29 January – Source: Xinhuanet – 381 Words
Kenya on Monday ordered the arrest of four Kenyan Al-Shabaab operatives in northeast region and charges if they failed to surrender within the next few days. North Eastern Regional Commissioner Mohamud Saleh who revealed names of the four Al-Shabaab operatives in Wajir and Mandera counties directed the security team to ensure the suspects are immediately arrested if they fail to surrender. “These people must be captured or they must surrender. If it fails we shall carry out a controlled operation,” Saleh told security committee teams in Wajir town. He said the details of their family members including their parents will be released to the security teams in the two counties.
He said the operatives have been tasked with paralyzing transport within the main supply route of Wajir and Elwak in Mandera County, destroy communication facilities by targeting mobile phones masts. Since Kenyan soldiers crossed into Somalia several attacks believed to have been carried out by Al-Shabaab have occurred in Mandera, Wajir, and Garissa and Dadaab districts of northern Kenya even as the military reports gains against the Islamist group by capturing their military bases and killing scores of them. Saleh, however, urged the security team to work closely with the chiefs, elders and area residents to ensure that Al-Shabaab are eliminated from the area.
The regional government official said it was a shame for Kenyan officials in Northeastern to spend 95 percent of their working on dealing with security matters. “When the rest of Kenya is talking about development, use of county funds, Constituency development fund, equalization fund and other investments, in North Eastern we are busy talking about Al-Shabaab,” Saleh lamented. Saleh is on a five-day tour of Mandera and Wajir counties to acquaint himself with challenges facing security teams in the fight against the Somalia-based Al-Shabaab terror group.
He also met elders, women and youth from area. In Mandera, Saleh revealed on Sundaythat the government has the names of 35 Kenyan youth recruited by the Al-Shabaab to work for the terror group. He said the details of their family members among them their parents, wives and where they are operating from are also known to the state. Saleh said the youth must surrender or the government will carry out a massive security operation to flush or capture them.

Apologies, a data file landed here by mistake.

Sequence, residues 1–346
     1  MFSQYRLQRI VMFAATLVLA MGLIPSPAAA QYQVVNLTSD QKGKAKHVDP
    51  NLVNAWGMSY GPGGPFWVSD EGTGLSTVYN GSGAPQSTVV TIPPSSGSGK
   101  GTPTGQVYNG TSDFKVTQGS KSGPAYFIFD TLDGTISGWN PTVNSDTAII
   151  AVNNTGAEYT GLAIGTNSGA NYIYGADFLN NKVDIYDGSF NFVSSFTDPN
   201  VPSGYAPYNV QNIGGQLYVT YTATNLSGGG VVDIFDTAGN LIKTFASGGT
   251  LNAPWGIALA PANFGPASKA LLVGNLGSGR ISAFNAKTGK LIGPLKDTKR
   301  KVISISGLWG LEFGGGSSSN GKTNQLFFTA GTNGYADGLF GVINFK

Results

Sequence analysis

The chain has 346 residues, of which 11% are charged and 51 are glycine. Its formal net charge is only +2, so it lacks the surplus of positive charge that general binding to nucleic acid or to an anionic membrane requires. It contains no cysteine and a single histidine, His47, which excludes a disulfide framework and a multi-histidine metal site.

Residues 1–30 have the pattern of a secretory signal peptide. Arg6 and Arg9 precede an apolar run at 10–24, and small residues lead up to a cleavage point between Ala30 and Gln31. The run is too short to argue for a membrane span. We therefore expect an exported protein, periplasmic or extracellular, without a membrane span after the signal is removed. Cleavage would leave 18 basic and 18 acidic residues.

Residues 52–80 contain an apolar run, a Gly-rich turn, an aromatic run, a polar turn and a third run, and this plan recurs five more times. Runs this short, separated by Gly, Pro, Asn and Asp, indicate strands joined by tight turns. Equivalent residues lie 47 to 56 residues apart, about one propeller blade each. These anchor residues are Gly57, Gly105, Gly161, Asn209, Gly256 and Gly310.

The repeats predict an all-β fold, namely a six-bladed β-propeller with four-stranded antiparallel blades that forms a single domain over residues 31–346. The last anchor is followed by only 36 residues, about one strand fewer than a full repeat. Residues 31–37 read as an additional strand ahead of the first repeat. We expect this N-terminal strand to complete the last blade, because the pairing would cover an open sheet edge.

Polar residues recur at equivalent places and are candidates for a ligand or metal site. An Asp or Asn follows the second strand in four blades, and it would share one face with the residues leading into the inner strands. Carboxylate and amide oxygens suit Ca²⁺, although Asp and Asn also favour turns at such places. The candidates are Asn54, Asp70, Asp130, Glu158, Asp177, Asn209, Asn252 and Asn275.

- Kenya Orders Arrest Of 4 Al-Shabaab Operatives In Border Region (Xinhuanet)
- Southwest State President Set To Visit Barawe Town (Radio Shabelle)
- SNA Commander & 3 Soldiers Killed In Bay By Al-Shabaab Attack (Radio Dalsan)
- Locally Displaced People In Tukaraq In Dire Humanitarian Emergency (Goobjoog News)
- Wall Construction Has Reduced Terror Incidents In Mandera Official Says (Standard Media)
- Somalia: Thousands Homeless as Settlements Razed (HRW.org)
Southwest State President Set To Visit Barawe Town
29 January – Source: Radio Shabelle – 109 Words
The president of Somalia’s southern semi-autonomous region of Southwest Sharif Hassan Sheikh Aden is expected to pay a visit to the port town of Barawe on Monday. Mr Hussein Barre Jeeh, the commissioner of Barawe has confirmed to Radio Shabelle, the visit of the Southwest administration to the seaside city.
The aim of President Aden to Barawe in Lower Shabelle region is related to the take-over of a construction equipment intended to build a new airport in the former Al-Shabaab bastion. The overall security of the city has been beefed up ahead of the regional leader’s arrival by Somali and AMISOM troops, according to the authorities in the district.
SNA Commander & 3 Soldiers Killed In Bay By Al-Shabaab Attack